Nova Arts might still have to prove itself as a group of trailblazing radicals, but it's doing a great job introducing new audiences to theater in Houston. Formed by Amy and Clinton Hopper, as well as Jenni Rebecca Stephenson, in 2005, after Stephenson and Amy Hopper graduated from the University of Houston with master's degrees in directing, the nonprofit Nova Arts debuted with the original play Stella...Stella for Star and followed it up with planned seasons of shows that included "updated" versions of classic Greek plays and Shakespeare, peppered with contemporary works like Dan Dietz's wild tempOdyssey and Maria Irene Fornes's challenging The Conduct of Life.
The group followed a pattern many small arts groups feel they need to follow — nonprofit status, board of directors, build a brand, build an audience, plan a season and try like hell to keep on schedule and budget. But now, the group is ready to challenge that model, streamline operations and approach bigger donors. "I think in the beginning we tried hard, maybe even prohibitively so, to follow the rules," says Stephenson.
Artistic director Clinton Hopper agrees. "We wanted our audience to know we're doing this and we're doing that, and it all fits together in a season, and this is how our brand is working," he says. "But because of our size we've had both opportunities and hurdles come up, and we need to be able to go with the flow, but going with the flow costs hundreds of thousands of dollars. If you're our size, not going with the flow means you don't do a show or you miss a great opportunity or you miss a great script or a great actor or a great...something. So 'go with the flow' is appropriate for where we are now."
The husband-and-wife Hoppers spent six years in Austin before returning to Houston so that Amy could attend UH. In Austin, they were exposed to (and worked with) many of that city's offbeat theater groups like Salvage Vanguard and the Rude Mechanicals, outfits that explore new techniques in show-making and performance, and Nova Arts has adopted a decidedly "theatrical" approach that takes advantage of the intimate audience/performer setup. It also approaches classics with an irreverent attitude.
"We like classics," says Clinton Hopper, "and I'm personally attracted to the Greeks because people don't hold them in the same precious light as Shakespeare. The classics can be like a bolt of pretty heavy-duty material that's pretty well tested, and we know it works, and now I'm going to be so arrogant as to cut it up and make a new garment out of it. Use those universal themes, but deconstruct them and make something new."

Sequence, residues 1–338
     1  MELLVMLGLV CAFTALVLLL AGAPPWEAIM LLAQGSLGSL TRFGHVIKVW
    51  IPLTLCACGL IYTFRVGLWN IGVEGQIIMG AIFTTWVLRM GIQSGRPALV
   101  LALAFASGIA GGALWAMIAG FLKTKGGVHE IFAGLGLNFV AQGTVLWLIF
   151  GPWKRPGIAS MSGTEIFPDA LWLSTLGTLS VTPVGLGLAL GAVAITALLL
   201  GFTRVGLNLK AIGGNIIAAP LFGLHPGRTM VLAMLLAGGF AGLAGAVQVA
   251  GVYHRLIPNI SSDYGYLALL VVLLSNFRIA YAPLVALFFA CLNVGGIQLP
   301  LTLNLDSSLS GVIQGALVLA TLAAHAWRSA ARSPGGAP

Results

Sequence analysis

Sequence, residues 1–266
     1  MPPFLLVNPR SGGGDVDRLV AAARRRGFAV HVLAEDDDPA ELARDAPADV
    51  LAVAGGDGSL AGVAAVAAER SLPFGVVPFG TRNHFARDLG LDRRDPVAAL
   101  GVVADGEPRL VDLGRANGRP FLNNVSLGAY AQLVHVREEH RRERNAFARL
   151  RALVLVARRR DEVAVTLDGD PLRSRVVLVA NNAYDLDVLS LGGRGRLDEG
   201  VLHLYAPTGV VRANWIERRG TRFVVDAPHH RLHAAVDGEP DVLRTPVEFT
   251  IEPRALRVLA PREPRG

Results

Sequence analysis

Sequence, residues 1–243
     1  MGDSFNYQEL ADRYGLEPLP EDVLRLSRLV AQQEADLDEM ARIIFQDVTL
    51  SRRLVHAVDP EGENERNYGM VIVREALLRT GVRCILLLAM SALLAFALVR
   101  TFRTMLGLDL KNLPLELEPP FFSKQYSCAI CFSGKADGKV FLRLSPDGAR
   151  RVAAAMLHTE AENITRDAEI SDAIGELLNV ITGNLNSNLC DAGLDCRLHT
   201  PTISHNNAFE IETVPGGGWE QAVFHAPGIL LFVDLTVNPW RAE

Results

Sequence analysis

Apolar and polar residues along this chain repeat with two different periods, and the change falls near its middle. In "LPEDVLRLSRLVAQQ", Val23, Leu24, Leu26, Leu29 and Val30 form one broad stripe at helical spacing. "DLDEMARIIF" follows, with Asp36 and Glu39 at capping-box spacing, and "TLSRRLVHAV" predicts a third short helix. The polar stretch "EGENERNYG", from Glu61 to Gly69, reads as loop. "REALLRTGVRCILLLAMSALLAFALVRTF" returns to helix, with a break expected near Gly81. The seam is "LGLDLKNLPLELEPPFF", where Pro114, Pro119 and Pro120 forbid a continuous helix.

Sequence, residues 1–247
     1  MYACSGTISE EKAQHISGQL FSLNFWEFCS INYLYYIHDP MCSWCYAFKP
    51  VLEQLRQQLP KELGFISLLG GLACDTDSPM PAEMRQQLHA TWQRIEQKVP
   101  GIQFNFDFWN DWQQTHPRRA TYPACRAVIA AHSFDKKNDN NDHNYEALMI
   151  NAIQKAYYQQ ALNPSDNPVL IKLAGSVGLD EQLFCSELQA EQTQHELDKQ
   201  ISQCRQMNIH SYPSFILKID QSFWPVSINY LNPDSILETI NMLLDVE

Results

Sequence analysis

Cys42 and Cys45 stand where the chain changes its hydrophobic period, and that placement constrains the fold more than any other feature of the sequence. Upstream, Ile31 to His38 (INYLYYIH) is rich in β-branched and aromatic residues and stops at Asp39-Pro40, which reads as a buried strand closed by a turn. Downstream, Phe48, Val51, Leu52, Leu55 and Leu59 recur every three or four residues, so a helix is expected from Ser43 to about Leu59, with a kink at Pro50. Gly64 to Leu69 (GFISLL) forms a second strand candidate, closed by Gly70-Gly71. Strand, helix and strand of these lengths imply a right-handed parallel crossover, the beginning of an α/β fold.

Nova Arts also aims to make new audiences, but its approach is different from that of groups in the '90s, operating when Houston had a cohesive art scene. Today our city's theater/music/visual arts scenes feel insular and rarely mingle. Nova Arts has reached out to underserved audiences, especially the Asian community. Stephenson directed a stage version of The Joy Luck Club, and most recently, Nova Arts presented The Gate of Heaven, a co-production with the Asian/Pacific American Heritage Association.
Nova Arts is committed to diversity, both in casting and production staff. To further develop audiences, the group is even considering a move outside the Loop, a tactic some might consider foolish but that Nova Arts feels could only expand its reach and unlock hidden talent.
But before it explores that wild frontier many inner-city dwellers would rather blaze through at 80 mph, Nova Arts will collaborate with Opera Vista on ten new ten-minute opera works, and after that, attend to the affairs of finance, grant-writing and bigger and better shows, which might include a drastic reworking, by Amy Hopper, of The Taming of the Shrew — one that explores the play's inherent misogyny.
"Here you have this play that everybody remembers so fondly, but the reality is that at the end [Kate] gives in to the man, so what message does that really send?" asks Clinton. "What, that Kate's really a toolbag and she's completely abused and she should probably kick his ass and go her own way?"
"We should do that with Grease," chimes Stephenson. "I hate Grease for the same goddamn reason," says Amy.
"Any show that's so ubiquitous and starts to get universal," says Clinton, "it's almost like you go and buy it at the fabric store and you take it home, get out your scissors and let's screw with it." — Troy Schulze